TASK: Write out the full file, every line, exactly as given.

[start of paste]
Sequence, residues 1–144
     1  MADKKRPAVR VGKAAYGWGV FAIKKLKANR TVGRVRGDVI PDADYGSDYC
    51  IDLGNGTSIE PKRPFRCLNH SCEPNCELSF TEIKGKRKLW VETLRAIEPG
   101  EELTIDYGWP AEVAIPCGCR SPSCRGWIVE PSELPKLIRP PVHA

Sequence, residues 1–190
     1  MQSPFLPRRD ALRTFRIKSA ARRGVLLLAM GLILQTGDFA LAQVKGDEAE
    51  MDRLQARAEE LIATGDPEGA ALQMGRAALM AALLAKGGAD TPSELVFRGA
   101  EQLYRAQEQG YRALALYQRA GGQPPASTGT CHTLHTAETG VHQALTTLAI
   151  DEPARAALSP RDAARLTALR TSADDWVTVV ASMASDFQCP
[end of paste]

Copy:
Sequence, residues 1–144
     1  MADKKRPAVR VGKAAYGWGV FAIKKLKANR TVGRVRGDVI PDADYGSDYC
    51  IDLGNGTSIE PKRPFRCLNH SCEPNCELSF TEIKGKRKLW VETLRAIEPG
   101  EELTIDYGWP AEVAIPCGCR SPSCRGWIVE PSELPKLIRP PVHA

Sequence, residues 1–190
     1  MQSPFLPRRD ALRTFRIKSA ARRGVLLLAM GLILQTGDFA LAQVKGDEAE
    51  MDRLQARAEE LIATGDPEGA ALQMGRAALM AALLAKGGAD TPSELVFRGA
   101  EQLYRAQEQG YRALALYQRA GGQPPASTGT CHTLHTAETG VHQALTTLAI
   151  DEPARAALSP RDAARLTALR TSADDWVTVV ASMASDFQCP